Dismantling the False Paths to Equity

Ideas and Issues

New Orleans      I’ll never forget the surprise on a colleague’s face who was working to build a nonprofit community development organization in the Mississippi delta several years ago when we first met.  A lot of her work had been focused on schools and enhancing their curriculum for young people.  When I questioned her and stated flatly that education was fine and good, but was not a path to equity, she had a stricken look on her face, as if I had tossed a cup of cold water in it.  We went back and forth for several minutes. I referenced studies and research, and she spoke from a lifetime of deeply-held personal ideology and belief and a family tradition that had been dictated from her mother and followed by her large family to some success around the country.  It was not an argument that I sought or thought I could win, even as I was trying to nudge her towards organizing for power, so I left it quickly and retreated to safer ground for further discussions.

The Pulitzer Prize winning reporter, Nikole Hannah-Jones, eviscerates such claims without much worrying about any middle ground in a recent article in the New York Times citing the fact that, “college simply does not pay off for black Americans the way it does for other groups.” They are as likely to be “unemployed as white Americans with a high school education.”  Black graduates still hold “less wealth than white Americans who have not even completed high school.”  As many studies have noted, and she underlines, they are forced to borrow more for college and have more debt when they graduate.  Even conservatives, like the Times own columnist, David Brooks, have finally conceded that education is not the path to racial equity.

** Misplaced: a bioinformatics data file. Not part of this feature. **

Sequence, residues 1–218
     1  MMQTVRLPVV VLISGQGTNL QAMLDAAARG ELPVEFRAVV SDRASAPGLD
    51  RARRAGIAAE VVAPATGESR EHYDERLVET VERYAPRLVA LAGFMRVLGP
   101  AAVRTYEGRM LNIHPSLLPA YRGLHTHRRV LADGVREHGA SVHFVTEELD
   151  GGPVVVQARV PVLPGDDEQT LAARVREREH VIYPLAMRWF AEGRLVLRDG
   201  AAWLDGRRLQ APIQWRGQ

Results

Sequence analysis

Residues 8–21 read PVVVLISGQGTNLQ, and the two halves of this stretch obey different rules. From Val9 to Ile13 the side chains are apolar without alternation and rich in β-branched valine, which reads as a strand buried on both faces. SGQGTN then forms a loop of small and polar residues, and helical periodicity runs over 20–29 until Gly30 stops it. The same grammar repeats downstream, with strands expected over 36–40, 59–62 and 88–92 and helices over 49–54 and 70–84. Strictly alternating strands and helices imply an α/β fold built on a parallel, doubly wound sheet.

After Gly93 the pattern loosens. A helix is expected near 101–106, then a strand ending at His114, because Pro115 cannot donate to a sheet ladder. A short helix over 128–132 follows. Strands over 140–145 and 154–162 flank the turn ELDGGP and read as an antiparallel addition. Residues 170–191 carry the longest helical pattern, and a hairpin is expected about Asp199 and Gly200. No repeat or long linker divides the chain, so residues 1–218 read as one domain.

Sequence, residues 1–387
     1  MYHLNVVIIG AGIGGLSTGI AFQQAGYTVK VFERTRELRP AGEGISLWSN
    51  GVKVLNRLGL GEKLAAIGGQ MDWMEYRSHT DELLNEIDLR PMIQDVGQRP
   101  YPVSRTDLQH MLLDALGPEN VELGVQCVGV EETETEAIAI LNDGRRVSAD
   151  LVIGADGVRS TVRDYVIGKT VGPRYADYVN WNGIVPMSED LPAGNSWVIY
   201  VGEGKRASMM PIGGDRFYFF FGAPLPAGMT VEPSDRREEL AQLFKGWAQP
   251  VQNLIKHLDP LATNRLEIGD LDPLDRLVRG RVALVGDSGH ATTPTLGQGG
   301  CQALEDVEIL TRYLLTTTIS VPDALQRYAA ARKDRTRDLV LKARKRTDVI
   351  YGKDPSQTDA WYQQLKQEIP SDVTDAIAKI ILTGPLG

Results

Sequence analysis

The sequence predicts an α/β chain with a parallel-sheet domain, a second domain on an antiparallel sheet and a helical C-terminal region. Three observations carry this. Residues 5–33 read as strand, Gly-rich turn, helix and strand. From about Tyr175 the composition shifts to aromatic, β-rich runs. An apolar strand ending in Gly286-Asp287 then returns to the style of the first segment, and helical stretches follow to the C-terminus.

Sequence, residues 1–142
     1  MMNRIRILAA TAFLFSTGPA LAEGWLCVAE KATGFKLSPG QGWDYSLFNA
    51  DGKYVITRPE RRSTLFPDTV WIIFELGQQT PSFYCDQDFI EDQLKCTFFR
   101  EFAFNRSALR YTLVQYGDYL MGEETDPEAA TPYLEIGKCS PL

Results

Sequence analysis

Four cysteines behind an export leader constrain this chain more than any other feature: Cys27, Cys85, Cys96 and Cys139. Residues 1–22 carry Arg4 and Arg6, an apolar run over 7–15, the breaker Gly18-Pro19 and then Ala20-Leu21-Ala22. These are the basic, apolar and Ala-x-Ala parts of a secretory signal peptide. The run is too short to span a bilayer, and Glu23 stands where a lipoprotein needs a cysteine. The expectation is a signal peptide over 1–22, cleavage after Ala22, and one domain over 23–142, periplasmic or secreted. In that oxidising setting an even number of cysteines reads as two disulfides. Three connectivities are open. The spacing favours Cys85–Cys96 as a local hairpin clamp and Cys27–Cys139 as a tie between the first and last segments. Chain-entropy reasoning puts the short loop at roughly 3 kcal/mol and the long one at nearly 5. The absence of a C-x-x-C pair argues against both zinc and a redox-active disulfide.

Of course, that is not to say that other paths to racial equity are all that much better.  Hannah-Jones enlists an array of facts,

  • Poor white families making less than $27,000 annually have as much wealth as black families making between $48,000 and $76,000.
  • Black families save at a higher rate than white families and offer more financial support for their children’s higher education than whites.
  • Homeownership isn’t the answer, as ACORN has painfully come to realize, since black Americans have higher mortgage rates with equal credit and their homes do not appreciate value in their neighborhoods.
  • Family structure isn’t the answer, because white single women with children have the same amount of wealth as black women with no children, while the average white single parent has twice the wealth of the typical two-parent black family.

If as a society and a country we want to achieve more equity, especially racial equity, it is impossible not to follow paths that involve significant reparations.  There’s just no way around it.